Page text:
Socialist Worker 419, February 4, 2004 N www.socialist.ca
The Trouble with Islam by Irshad Manji
Irshad Manji has written a book that is supposed to be a critique of Islam from a progressive perspective.
Given the contemporary political landscape, it is not too difficult to outline the key themes that such a critique must have.
Islam is under attack in the west. Muslims are demonized as a group for "bringing terrorism" to the west. The attack on the hijab in France is the most recent manifestation of this.
The effect of this demonization is to increase the climate of racism in the west, and to divide the working class. It is the responsibility of the left to defend Muslims from racist attacks.
It is also important that the left understand why millions have been drawn under the banner of Islamism in the Middle East and elsewhere. In the context of an enormous political vacuum, Islamism has been able to tap into the hatred for imperialism that exists among the millions of oppressed in the region. Its growth is due primarily to anti-imperialism, not to religion.
Islamism must be approached as a social — not simply a religious — phenomenon. It is a force in politics in the Middle East that cannot be ignored.
And in understandiing Islamism, the left must see both its anti-imperialist character, and the dangerous policies carried out in the name of Islam by reactionary leaders like the late Khomeini in Iran. Khomeini presided over a counter-revolutionary regime that repressed civil liberties and massacred the left — in the name of Islam.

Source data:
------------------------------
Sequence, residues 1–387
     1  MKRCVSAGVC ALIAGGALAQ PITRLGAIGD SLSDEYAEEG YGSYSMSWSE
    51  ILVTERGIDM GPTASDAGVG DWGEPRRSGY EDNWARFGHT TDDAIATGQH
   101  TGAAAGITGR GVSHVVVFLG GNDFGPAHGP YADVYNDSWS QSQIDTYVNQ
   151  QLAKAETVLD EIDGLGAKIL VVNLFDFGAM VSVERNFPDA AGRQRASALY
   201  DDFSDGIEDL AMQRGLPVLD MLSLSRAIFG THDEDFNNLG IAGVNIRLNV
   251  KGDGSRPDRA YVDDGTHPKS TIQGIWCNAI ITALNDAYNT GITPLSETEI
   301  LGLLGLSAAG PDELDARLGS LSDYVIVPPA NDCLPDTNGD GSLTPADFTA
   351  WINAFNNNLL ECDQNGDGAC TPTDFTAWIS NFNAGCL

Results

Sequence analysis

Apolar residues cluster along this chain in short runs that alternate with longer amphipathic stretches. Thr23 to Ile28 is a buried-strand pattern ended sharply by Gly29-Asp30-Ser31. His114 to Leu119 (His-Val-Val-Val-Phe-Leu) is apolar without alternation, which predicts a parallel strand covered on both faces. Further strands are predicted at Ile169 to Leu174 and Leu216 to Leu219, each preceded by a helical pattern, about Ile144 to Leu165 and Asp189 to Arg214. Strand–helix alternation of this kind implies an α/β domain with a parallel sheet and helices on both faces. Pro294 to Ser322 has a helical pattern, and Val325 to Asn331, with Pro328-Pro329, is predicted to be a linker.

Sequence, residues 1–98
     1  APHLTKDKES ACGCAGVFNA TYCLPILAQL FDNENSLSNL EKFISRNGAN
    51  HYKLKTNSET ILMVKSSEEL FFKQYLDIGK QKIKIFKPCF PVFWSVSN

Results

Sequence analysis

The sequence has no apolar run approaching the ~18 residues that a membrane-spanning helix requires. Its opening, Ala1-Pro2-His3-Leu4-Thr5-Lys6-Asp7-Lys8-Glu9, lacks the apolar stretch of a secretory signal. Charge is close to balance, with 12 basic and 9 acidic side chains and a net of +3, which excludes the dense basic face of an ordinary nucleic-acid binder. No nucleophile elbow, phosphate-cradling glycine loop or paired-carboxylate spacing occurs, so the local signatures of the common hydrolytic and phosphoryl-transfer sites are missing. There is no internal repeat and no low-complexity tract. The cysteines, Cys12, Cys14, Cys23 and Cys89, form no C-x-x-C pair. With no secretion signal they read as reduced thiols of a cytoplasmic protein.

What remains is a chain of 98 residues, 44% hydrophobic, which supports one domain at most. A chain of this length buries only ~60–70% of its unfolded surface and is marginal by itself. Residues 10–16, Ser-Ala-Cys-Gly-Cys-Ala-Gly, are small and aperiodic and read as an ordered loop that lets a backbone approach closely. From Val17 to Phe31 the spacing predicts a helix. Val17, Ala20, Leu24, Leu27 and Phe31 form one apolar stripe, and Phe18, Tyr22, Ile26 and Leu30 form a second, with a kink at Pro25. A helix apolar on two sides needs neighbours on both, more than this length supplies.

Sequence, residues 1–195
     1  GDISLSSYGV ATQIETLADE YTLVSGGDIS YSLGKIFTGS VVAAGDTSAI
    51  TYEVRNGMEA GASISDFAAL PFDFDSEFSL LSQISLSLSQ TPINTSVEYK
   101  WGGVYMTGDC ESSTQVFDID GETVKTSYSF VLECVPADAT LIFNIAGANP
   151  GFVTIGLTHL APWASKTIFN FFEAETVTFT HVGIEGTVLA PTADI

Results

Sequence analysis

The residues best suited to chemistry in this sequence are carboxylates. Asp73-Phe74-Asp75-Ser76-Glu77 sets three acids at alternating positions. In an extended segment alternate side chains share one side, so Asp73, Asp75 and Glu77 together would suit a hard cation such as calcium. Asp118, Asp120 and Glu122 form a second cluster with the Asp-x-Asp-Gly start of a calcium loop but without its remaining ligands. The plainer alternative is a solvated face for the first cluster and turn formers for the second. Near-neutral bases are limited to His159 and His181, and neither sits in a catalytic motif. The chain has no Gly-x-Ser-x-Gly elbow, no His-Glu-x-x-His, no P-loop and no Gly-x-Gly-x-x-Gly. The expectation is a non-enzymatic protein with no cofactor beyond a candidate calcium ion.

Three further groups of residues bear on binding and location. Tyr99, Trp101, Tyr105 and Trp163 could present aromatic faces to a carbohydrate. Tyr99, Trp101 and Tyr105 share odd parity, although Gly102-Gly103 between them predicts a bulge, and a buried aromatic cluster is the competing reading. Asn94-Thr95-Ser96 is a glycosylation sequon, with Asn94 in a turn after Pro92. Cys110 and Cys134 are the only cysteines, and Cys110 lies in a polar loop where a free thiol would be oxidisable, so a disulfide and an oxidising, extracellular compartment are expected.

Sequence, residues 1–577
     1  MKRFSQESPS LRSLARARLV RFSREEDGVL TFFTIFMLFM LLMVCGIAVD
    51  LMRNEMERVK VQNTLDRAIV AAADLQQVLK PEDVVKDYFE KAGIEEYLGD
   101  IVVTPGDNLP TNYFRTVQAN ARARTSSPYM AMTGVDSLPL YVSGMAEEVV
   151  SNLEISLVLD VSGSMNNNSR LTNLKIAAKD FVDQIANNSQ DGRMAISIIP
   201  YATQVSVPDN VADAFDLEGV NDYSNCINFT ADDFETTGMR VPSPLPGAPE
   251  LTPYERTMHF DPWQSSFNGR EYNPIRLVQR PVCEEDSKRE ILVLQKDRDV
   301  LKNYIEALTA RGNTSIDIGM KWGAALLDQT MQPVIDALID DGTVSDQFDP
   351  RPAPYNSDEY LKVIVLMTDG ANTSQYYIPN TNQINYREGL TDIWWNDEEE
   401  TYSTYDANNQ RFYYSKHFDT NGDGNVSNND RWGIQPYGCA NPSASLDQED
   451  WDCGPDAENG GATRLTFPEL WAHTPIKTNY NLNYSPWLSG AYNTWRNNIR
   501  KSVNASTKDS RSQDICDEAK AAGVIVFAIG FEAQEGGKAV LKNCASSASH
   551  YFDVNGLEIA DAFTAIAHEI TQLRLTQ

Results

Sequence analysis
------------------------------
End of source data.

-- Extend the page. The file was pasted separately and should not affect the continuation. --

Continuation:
But Manji’s book has none of this.
She has produced a poorly-researched diatribe that plays into the right-wing demonization of Islam that dominates contemporary politics.
Begin with one astonishing fact. The book has not a single footnote!
You have to go to her website to find the footnotes, and even there, the citations have no page numbers.
What’s more a brief survey of her sources shows that she relies heavily upon media, think-tank and analytical sources with close ties to the Bush administration and its advisers. Prominent publications on her list include The Weekly Standard (created by the Project for a New American Century and owned by Fox Media’s News Corporation), National Review and the Middle East Media Research Institute.
As well there are numerous citations of the New Perspectives Quarterly. It’s present issue has articles by Pakistani dictator Pervez Musharraf, US Deputy Secretary of Defense Paul Wolfowitz, US National Security Advisor Condoleeza Rice and the son of the former Shah of Iran (a brutal tyrant in his own right).
With such sources — and a paid trip to Israel by a Zionist organization — her opinions towards Israel should come as no surprise.